5 times Roque got it all wrong
Presidential Spokesperson Harry Roque may be leaving his post soon to pursue his senatorial ambitions, but the flubs he committed in the 11 months he served as President Rodrigo Duterte’s mouthpiece would remain.
Roque has reportedly resigned from the post, with Chief Presidential Legal Counsel Salvador Panelo taking over. Panelo made his Malacañang press briefing debut on Friday (October 11).
Here are some unforgettable—and possibly regrettable—things Roque did when he was commonly seen at the podium in Malacañang.
Roque left in the dark on Duterte
Roque found himself being accused of lying about Duterte’s whereabouts when he insisted that the President did not undergo a medical checkup – a claim disproved by Duterte himself in a speech hours later.
In explaining this, Roque said he had been “left in the dark” and said he is “to believe that perhaps I am not in a position to continue this current function.”
Press conference with fishermen on Chinese activities in WPS self-destructs
Roque once organized a press briefing with three Zambales fishermen following a report which showed Chinese coast guard personnel taking their catch.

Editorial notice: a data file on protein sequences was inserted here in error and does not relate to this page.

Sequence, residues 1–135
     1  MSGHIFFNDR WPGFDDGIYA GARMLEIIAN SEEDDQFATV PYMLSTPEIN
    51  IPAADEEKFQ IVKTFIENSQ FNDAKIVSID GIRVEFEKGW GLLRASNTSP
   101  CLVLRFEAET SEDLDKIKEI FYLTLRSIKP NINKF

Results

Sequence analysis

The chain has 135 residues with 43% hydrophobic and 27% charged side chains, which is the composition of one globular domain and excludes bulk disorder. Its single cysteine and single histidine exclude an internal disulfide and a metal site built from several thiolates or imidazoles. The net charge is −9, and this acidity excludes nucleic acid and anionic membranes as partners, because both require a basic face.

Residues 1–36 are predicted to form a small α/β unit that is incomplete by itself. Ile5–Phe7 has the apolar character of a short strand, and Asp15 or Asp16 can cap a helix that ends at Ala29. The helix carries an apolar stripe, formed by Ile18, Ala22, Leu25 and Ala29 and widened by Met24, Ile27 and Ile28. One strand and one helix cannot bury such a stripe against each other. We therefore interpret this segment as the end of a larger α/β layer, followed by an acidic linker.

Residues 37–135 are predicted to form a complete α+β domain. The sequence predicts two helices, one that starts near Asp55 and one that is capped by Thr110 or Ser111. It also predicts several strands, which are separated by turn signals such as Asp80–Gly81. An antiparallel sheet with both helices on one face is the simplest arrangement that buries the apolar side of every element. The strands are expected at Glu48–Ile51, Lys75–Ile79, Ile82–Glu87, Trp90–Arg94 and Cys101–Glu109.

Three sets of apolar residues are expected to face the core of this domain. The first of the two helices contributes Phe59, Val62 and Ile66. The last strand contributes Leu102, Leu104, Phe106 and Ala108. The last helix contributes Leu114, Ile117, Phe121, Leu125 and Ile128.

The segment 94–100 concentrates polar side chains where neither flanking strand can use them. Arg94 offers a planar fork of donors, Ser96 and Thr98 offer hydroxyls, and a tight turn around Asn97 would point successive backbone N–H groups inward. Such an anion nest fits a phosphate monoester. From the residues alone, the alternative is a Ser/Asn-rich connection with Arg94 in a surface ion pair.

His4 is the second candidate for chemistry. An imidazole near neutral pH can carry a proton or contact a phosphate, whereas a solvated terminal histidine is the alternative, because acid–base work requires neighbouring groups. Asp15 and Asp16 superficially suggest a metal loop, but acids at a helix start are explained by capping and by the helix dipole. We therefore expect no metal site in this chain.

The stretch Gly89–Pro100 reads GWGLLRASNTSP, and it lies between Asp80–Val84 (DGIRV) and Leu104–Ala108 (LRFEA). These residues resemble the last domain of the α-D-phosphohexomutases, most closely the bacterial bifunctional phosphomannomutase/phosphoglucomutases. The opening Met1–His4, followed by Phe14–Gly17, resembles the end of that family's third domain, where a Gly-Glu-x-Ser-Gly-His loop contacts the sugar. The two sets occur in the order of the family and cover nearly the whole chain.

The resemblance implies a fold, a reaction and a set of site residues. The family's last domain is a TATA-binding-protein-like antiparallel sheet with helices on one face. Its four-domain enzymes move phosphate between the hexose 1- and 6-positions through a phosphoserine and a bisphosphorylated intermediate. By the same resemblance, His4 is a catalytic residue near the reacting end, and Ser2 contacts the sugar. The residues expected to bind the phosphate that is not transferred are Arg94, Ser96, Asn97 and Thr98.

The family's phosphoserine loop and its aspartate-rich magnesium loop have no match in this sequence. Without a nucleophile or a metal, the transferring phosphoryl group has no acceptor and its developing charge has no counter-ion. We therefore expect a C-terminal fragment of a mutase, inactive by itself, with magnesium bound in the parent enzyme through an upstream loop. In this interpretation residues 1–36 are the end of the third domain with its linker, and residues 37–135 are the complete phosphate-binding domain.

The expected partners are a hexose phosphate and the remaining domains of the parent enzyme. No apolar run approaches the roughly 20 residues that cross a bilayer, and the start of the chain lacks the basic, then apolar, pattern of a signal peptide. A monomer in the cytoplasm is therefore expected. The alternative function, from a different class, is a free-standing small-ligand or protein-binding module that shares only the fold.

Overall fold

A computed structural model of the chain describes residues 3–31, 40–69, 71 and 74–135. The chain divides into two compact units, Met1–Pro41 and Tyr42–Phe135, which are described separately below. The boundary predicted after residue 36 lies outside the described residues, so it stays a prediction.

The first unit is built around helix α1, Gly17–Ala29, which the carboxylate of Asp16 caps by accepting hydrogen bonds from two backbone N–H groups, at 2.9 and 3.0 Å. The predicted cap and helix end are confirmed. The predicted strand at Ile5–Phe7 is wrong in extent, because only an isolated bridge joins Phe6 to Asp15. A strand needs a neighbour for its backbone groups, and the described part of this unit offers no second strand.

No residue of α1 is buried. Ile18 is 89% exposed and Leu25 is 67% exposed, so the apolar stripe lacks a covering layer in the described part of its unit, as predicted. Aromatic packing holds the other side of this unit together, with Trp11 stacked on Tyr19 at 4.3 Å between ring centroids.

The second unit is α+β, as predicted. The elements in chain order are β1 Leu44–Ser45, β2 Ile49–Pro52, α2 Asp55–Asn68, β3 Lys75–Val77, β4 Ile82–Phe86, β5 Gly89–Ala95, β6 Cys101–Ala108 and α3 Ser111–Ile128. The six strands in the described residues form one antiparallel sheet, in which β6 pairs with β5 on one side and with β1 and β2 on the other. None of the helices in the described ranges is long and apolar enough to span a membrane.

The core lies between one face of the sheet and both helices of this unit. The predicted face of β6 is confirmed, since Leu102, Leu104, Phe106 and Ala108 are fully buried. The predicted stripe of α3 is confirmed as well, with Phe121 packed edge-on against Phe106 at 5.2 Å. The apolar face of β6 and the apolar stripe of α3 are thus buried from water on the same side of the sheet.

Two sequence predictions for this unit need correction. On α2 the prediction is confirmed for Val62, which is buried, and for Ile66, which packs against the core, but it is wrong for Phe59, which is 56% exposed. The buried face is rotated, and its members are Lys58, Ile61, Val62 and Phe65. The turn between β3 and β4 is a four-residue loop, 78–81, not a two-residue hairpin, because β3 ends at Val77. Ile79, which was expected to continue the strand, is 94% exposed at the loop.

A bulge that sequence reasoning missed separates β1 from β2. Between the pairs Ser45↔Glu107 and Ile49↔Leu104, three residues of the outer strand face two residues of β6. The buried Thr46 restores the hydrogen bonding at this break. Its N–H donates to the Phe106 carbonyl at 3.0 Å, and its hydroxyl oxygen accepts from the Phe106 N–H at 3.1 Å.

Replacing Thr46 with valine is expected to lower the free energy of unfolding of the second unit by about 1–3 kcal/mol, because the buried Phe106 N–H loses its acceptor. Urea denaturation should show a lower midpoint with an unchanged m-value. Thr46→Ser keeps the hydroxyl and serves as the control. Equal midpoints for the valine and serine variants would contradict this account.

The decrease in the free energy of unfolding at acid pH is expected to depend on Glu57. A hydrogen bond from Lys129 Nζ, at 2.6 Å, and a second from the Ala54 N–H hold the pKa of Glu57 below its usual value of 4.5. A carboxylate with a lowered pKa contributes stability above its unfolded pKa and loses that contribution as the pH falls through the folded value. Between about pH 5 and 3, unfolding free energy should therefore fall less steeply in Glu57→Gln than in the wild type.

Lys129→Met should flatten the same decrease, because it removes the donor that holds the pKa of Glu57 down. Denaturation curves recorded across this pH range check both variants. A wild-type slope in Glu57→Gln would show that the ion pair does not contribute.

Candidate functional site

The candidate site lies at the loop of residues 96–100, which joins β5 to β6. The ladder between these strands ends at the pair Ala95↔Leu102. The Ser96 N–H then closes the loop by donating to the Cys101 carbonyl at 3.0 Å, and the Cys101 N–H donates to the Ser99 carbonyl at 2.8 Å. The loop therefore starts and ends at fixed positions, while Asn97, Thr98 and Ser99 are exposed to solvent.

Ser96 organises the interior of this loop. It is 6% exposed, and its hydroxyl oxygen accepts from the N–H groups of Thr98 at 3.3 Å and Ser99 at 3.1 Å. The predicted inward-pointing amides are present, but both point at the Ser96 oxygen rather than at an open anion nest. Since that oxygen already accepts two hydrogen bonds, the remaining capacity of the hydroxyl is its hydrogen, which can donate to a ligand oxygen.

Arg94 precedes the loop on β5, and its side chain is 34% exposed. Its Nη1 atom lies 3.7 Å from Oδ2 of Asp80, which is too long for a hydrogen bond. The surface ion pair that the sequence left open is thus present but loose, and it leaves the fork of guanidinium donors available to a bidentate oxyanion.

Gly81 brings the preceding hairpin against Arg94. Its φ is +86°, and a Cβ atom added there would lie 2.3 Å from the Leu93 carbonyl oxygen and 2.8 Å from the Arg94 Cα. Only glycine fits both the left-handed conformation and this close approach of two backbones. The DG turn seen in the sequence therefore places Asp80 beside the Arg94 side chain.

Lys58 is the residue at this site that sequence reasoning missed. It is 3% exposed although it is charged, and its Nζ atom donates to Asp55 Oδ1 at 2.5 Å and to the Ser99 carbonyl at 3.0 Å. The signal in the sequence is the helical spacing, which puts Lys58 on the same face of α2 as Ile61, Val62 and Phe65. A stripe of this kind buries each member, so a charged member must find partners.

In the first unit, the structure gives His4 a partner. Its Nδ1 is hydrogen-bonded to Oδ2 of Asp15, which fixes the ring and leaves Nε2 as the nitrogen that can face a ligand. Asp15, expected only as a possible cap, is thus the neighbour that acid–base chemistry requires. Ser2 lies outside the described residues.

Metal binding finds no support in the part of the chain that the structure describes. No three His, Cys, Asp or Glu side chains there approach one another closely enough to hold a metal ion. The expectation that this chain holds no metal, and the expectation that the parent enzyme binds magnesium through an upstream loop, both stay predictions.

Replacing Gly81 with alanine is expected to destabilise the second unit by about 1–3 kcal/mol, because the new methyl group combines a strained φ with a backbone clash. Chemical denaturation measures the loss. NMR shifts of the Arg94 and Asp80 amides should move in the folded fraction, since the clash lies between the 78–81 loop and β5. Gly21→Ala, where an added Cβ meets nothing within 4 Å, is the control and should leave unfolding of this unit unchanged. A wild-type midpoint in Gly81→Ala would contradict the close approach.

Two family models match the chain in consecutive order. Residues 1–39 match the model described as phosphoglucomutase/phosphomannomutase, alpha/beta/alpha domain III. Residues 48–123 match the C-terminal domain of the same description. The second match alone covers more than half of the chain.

What should have been a show of how fishermen are faring better now with Duterte’s warming up to China turned awkward, as fishermen admitted that their catch was being taken by Chinese coast guard.
‘No true news without fake news’
As the mouthpiece of the administration blamed for the spread of false information, Roque defended the existence of fake news, saying that it is necessary for us to know what real news is.
He has gone as far as actively campaigning against a proposed law which seeks to impose penalties on government officials who spread false information and said he would resign if the bill passses Congress.
Roque ‘forgets’ legal practice
Roque was once a prominent law professor who took on controversial high-profile cases before getting elected as Kabayan party-list representative in 2016 and then becoming Duterte’s spokesperson. But since then, people, especially former colleagues, could not help but notice how he made a degree turn for the President.
Among them is Albay 1st District Rep. Edcel Lagman, who chided Roque for “forget[ting] his law since he became the official apologist” of Duterte.
Lagman was reacting to Roque’s insistence that it is up to Robredo to disprove Duterte’s claim that her hometown of Naga City in Albay is a “hotbed of shabu.”
The opposition lawmaker reminded Roque of the legal principle that “he who alleges must prove his allegation.”
Roque ‘forgets’—again—about law on EJKs
When Duterte admitted that his “only sin” were extrajudicial killings (EJK), Roque was quick to point out that there is no such thing as “EJK” in the Philippines or in international law. But there is: No less than the Supreme Court defined extralegal killings in Manalo vs Secretary of National Defense as “killings committed without due process of law, i.e. without legal safeguards or judicial proceedings.”